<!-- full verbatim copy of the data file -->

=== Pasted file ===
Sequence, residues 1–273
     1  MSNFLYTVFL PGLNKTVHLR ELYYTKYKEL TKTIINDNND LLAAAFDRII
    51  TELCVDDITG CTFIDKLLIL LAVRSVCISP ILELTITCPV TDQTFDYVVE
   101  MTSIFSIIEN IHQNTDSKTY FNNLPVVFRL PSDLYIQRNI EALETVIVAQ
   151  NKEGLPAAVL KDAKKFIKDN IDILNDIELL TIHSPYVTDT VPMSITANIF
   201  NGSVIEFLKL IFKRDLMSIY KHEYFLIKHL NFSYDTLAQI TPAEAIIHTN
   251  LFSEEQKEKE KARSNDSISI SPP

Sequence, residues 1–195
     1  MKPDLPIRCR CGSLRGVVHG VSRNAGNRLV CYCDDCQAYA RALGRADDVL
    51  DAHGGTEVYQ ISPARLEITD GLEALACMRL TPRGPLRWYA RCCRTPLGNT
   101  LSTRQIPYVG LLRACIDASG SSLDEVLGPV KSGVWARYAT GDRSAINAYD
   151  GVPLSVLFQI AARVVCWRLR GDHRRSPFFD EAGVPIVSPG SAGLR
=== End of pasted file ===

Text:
Sequence, residues 1–273
     1  MSNFLYTVFL PGLNKTVHLR ELYYTKYKEL TKTIINDNND LLAAAFDRII
    51  TELCVDDITG CTFIDKLLIL LAVRSVCISP ILELTITCPV TDQTFDYVVE
   101  MTSIFSIIEN IHQNTDSKTY FNNLPVVFRL PSDLYIQRNI EALETVIVAQ
   151  NKEGLPAAVL KDAKKFIKDN IDILNDIELL TIHSPYVTDT VPMSITANIF
   201  NGSVIEFLKL IFKRDLMSIY KHEYFLIKHL NFSYDTLAQI TPAEAIIHTN
   251  LFSEEQKEKE KARSNDSISI SPP

Sequence, residues 1–195
     1  MKPDLPIRCR CGSLRGVVHG VSRNAGNRLV CYCDDCQAYA RALGRADDVL
    51  DAHGGTEVYQ ISPARLEITD GLEALACMRL TPRGPLRWYA RCCRTPLGNT
   101  LSTRQIPYVG LLRACIDASG SSLDEVLGPV KSGVWARYAT GDRSAINAYD
   151  GVPLSVLFQI AARVVCWRLR GDHRRSPFFD EAGVPIVSPG SAGLR